Again, as a Christian, I see this through a bit of a different, albeit complimentary, lens.  Mainly, I feel  the Truth Gilbert speaks of is none other than Jesus, but all the same I see a parallel in this quest physics theorem with the whole spiel that He gave about us denying ourselves, taking up our crosses and following Him.  In doing such, I believe that one of the biggest crosses we have to bear is that of the blinds we wear regarding our innermost workings – that unless we look long and hard at ourselves and take an honest inventory and repent of those things counter to what God has in mind for us, unless we take up that cross, all the other ones we may carry, our jobs, roles and relationships, etc., are in vain.  It’s kind of like in The Power of a Praying Wife, when Stormie Omartian realizes that the ‘Father, change him’ prayer is far less important than that of ‘Father, change me.’  But, it’s not all blame and shame for the self – as Gilbert states, once we see the difficult realities about ourselves, we.  must.  move.  ON!  lest we simply want to pick that sucker [cross] up and just stand there with it.  We gotta follow the Leader, and to do so, we have to want to be different and follow the trail He’s blazing, not the one we’ve trod on forever, comfortably.

For myself, I’ve been in limbo lately re: the whole working versus staying at home conundrum as a result of the recent job opportunity.  [should hear something late next week or early the following week]. 

On the one hand, I’ve seen some things flourish in the time that I’ve been at home that I’m afraid to let go of, should I get the go-ahead from God (right now our prayer is – God, we *think* this was a sign from you, but if it is not, please prohibit it from happening – if it is, let there be incredible peace and green lights all the way).  Like Elizabeth Gilbert’s quest for balance, I desperately sought to improve my family dynamics when I embarked on this journey.  But, also like Gilbert, in doing so I eradicated anything in my life that I thought would distract me from my quest.  I quit volunteering in the non-profit community; I turned down opportunities to speak and participate in homeless programming panels under the guise of not having childcare and/or still needing to recover from my illness; I’ve flaked on countless friends and family and insulated myself to where I’ve focused all my energies into my family.  As Gilbert became the woman who couldn't possibly risk her newfound self by loving a man, I’ve become that martyr-like woman who’s made her family her idol and dares not risk her newfound sense of family by pursuing interests that feed her essence, that person God created her to be.  A mother is never “just” a mother – she is a child of God with her own unique gifts, talents and purpose, many of which will [and should] benefit her family, but need not be exclusive to that.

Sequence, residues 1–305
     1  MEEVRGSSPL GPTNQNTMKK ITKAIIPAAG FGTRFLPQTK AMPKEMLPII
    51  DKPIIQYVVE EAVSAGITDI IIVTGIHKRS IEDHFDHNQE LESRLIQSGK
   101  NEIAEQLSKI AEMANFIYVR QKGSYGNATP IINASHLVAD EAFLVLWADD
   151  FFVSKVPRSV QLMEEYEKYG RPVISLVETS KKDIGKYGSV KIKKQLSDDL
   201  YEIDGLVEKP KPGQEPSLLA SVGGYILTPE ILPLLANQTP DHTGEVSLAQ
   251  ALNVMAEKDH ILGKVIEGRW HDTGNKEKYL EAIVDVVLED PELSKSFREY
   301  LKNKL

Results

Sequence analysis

Whether I get the job or not, I want to find some kind of balance again.  One where my husband and I make time for each other alone, beyond the bedroom.  Where I can volunteer some time and give back.  Where I feel as if I am answering the call to be a light in my community, not just my own home; however, not forsaking my own family in doing so.  I want to feel secure again, to not feel the tightening of the walls each time my phone rings, dreading whichever creditor it may be.  I want to write again – creatively and frankly – and yet, I’ve looked back and seen that my most prolific writing periods were those in which I had to balance many things. 

All this inspired by a movie based on a book I thought I’d hate.  

Amazing what happens when one opens her mind, eh?

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  1. I love love love this. This was such a testimony!

  2. I had avoided Eat, Pray, Love, too...until Christmas break, when Julia Roberts just beckoned me from within the RedBox machine! :-) I LOVED the movie, was entertained from the very first scene. However, I totally ignored the Hindu religious aspects--like you talked about--where God is in all of us, God *is* us.

    Who am I to say what God is? God is.

    But, I still thoroughly enjoyed the movie!!